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Abstract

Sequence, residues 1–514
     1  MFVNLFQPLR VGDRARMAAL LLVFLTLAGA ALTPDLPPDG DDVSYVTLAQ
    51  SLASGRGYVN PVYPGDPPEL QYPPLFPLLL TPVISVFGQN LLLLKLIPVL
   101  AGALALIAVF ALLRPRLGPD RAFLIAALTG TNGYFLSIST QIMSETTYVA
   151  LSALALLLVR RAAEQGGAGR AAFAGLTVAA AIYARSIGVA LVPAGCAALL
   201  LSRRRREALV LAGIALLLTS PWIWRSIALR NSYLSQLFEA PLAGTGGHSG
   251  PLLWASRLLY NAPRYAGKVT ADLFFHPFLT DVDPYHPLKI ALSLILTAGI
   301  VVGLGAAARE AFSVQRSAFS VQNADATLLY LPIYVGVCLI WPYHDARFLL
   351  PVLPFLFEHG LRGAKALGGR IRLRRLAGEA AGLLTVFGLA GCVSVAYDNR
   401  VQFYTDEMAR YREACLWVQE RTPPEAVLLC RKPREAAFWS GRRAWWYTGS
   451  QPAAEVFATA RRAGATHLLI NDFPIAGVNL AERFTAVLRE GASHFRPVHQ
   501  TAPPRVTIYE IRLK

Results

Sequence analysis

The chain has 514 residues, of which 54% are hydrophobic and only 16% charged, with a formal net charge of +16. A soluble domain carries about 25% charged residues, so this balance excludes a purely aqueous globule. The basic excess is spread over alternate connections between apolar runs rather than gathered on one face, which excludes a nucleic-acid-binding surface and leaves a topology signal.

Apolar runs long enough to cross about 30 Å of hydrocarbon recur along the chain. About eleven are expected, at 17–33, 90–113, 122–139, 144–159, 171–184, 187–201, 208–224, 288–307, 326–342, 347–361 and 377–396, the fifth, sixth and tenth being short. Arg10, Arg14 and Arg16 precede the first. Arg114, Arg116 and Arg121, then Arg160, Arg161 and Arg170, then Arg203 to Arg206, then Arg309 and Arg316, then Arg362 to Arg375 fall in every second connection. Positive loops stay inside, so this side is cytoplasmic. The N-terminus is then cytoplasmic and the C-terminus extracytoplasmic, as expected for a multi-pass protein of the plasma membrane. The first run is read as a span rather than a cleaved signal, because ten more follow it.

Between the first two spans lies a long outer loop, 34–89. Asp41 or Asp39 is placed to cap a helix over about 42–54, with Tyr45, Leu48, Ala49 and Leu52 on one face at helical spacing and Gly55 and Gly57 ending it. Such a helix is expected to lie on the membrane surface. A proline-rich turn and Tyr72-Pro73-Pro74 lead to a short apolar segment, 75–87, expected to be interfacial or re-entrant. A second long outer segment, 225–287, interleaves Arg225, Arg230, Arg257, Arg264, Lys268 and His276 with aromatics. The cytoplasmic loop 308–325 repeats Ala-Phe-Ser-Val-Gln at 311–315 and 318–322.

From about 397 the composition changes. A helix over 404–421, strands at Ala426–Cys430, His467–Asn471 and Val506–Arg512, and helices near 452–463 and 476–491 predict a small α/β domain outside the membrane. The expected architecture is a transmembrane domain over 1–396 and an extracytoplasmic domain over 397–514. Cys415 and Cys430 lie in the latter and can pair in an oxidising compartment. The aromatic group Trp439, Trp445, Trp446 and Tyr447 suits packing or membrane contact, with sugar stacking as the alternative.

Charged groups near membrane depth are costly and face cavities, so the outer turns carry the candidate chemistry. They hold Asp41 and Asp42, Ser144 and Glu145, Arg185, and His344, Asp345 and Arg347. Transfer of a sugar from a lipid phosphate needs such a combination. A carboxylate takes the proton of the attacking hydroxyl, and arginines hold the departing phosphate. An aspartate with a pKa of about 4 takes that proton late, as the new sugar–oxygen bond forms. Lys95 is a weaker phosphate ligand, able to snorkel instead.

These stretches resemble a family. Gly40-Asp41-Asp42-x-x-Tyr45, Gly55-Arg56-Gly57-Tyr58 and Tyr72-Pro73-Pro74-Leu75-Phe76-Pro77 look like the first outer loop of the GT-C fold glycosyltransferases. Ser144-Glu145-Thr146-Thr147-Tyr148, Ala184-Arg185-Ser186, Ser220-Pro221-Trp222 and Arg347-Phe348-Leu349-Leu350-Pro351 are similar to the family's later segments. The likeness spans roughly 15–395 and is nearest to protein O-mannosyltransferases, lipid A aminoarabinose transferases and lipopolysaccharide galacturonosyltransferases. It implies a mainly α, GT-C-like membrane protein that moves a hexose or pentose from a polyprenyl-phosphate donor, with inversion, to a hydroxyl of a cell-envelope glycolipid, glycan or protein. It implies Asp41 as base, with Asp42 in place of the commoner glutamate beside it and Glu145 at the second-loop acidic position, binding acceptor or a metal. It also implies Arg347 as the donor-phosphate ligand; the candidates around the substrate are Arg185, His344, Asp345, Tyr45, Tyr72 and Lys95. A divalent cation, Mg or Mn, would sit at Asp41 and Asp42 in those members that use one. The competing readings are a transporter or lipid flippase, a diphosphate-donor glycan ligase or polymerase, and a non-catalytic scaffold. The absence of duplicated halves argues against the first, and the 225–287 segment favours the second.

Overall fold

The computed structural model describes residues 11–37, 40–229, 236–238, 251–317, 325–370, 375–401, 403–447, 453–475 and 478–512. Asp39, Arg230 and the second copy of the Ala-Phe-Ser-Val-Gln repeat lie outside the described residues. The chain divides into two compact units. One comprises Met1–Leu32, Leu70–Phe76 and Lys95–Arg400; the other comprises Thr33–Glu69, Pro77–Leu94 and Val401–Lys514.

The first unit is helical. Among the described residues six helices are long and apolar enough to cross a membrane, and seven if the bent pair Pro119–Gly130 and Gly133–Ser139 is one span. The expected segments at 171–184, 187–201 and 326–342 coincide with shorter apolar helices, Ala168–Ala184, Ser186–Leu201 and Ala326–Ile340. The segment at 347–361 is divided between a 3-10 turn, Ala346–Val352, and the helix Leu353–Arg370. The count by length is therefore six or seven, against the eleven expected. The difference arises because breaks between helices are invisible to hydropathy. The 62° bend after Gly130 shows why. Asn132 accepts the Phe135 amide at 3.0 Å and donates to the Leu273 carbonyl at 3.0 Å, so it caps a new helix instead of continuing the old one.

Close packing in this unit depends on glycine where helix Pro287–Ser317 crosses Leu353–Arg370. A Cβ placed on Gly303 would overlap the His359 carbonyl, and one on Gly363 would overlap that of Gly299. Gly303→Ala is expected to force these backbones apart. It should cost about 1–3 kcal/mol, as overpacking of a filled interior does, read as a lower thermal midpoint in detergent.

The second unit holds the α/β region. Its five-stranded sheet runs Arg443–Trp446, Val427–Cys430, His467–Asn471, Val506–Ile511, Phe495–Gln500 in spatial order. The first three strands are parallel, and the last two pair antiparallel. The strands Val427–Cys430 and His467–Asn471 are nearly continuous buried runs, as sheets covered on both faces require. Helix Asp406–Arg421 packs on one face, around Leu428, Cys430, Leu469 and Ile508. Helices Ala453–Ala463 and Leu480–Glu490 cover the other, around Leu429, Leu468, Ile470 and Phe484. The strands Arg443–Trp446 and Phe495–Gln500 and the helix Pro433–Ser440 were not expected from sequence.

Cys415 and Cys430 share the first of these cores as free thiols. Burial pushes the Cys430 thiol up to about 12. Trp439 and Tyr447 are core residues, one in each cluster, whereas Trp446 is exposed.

This paper investigates the fatigue upgrading of typical cover plate joint connections in existing steel bridge girders through cover plate extension. The upgraded detail is created by removing the existing transverse end weld, then welding the extension to the existing cover plate with the underlying plate acting as backing. The extended cover plate should end in a zone of low stress variation. The fatigue resistance of this detail is investigated by means of scaled specimen and beam testing as well as a corroborating detailed finite-element parametric study. The different potential crack initiation sites as well as the three-dimensional effects due to the presence of longitudinal welds are considered. It is found that, depending on the exact geometry of the joint, cracks may initiate either from the weld toe or the weld root. A classification of the joint in appropriate detail categories is proposed. Depending on the thicknesses of the cover plate extension, the existing cover plate, and the underlying plate, the detail category may vary between FAT 50 (or E') and FAT 80 (or D) according to standard classifications.

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